THE OWL AND THE GRASSHOPPER The Owl always takes her sleep during the day. sir. Besides. frogs and mice she likes so well to eat. Then after sundown. "Get away from here. The wise old Owl knew quite well that it would do no good to argue with the Grasshopper. So she laid aside all hard words and spoke very kindly to him. Now her weird "hoo-hoo-hoooo-oo" echoes through the quiet wood. Out popped the old Owl's head from the opening in the tree that served her both for door and for window. "Have you no manners? You should at least respect my age and leave me to sleep in quiet!" But the Grasshopper answered saucily that he had as much right to his place in the sun as the Owl had to her place in the old oak. when the rosy light fades from the sky and the shadows rise slowly through the wood. nor with anybody else for that matter. One warm summer afternoon as she dozed away in her den in the old oak tree. Then he struck up a louder and still more rasping tune. her eyes were not sharp enough by day to permit her to punish the Grasshopper as he deserved. 20 . Now there was a certain old Owl who had become very cross and hard to please as she grew older. especially if anything disturbed her daily slumbers. and she begins her hunt for the bugs and beetles. a Grasshopper nearby began a joyous but very raspy song. out she comes ruffling and blinking from the old hollow tree." she said to the Grasshopper.

but as soon as he was near enough so the old Owl could see him clearly." she said." The foolish Grasshopper was taken in by the Owl's flattering words. "if I must stay awake. I know it will make you sing like Apollo himself. sent me from Olympus. I am going to settle right down to enjoy your singing. she pounced upon him and ate him up. I have a wonderful wine here. of which I am told Apollo drinks before he sings to the high gods."Well sir. Up he jumped to the Owl's den. 21 . Flattery is not a proof of true admiration. Now that I think of it. Do not let flattery throw you off your guard against an enemy. Please come up and taste this delicious drink with me.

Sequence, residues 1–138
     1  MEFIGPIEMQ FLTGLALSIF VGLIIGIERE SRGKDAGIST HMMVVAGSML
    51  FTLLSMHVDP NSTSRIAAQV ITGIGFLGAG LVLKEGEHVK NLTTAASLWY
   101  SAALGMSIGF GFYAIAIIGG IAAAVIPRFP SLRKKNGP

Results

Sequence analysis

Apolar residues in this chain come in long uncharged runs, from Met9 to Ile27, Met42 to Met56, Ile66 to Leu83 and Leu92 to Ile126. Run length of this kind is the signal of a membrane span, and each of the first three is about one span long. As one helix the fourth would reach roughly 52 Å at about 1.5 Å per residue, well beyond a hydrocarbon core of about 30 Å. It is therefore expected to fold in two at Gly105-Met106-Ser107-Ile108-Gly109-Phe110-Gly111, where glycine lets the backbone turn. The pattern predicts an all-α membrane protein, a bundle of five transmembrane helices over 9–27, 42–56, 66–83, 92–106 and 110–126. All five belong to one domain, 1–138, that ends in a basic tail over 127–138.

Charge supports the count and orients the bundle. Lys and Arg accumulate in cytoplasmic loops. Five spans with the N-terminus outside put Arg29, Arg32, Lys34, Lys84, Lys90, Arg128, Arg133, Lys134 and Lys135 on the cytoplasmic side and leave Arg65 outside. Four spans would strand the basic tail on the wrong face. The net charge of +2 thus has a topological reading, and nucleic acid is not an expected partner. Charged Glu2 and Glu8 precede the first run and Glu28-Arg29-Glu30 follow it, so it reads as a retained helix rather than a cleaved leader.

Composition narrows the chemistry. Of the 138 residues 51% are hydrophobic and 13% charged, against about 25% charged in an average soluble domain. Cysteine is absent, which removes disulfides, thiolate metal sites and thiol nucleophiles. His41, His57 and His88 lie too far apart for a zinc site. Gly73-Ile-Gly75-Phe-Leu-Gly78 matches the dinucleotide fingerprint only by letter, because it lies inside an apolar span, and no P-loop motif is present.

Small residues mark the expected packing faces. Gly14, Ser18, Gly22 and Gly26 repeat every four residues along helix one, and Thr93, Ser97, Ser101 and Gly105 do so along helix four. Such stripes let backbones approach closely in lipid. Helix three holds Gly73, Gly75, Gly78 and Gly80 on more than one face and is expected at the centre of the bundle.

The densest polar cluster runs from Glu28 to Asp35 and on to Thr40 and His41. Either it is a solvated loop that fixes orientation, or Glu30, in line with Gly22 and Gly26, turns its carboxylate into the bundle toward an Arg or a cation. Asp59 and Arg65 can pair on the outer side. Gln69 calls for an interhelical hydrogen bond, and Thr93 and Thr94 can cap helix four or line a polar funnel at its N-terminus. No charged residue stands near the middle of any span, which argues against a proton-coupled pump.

You. The Oak stood proudly and fought against the storm. Do not let your fancy make you forget realities. When the wind blew. "Why.[Pg 33] 22 ." exclaimed the Wolf proudly." replied the Reeds. torn up by the roots. the great Oak stood proudly upright with its hundred arms uplifted to the sky. "The winds do not harm us. and it looked as if the wolf were a hundred times bigger than he really was. "see how big I am! Fancy me running away from a puny Lion! I'll show him who is fit to be king.THE WOLF AND HIS SHADOW A Wolf left his lair one evening in fine spirits and an excellent appetite. and lay among the pitying Reeds. "The slightest breeze that ruffles the surface of the water makes you bow your heads. The wind redoubled in fury." As the Reeds spoke a great hurricane rushed out of the north. he or I.[Pg 32] THE OAK AND THE REEDS A Giant Oak stood near a brook in which grew some slender Reeds. "You have reason to complain. than to resist stubbornly and be destroyed. and the next instant a Lion struck him down with a single blow." "Do not worry about us. while the yielding Reeds bowed low. But the end is coming. stand upright and firm before the howling tempest. We bow before them and so we do not break. As he ran. in all your pride and strength." Just then an immense shadow blotted him out entirely. and all at once the great tree fell. But the Reeds bowed low in the wind and sang a sad and mournful song. have so far resisted their blows. the setting sun cast his shadow far out on the ground. while I. Better to yield when it is folly to resist." said the Oak. the mighty Oak.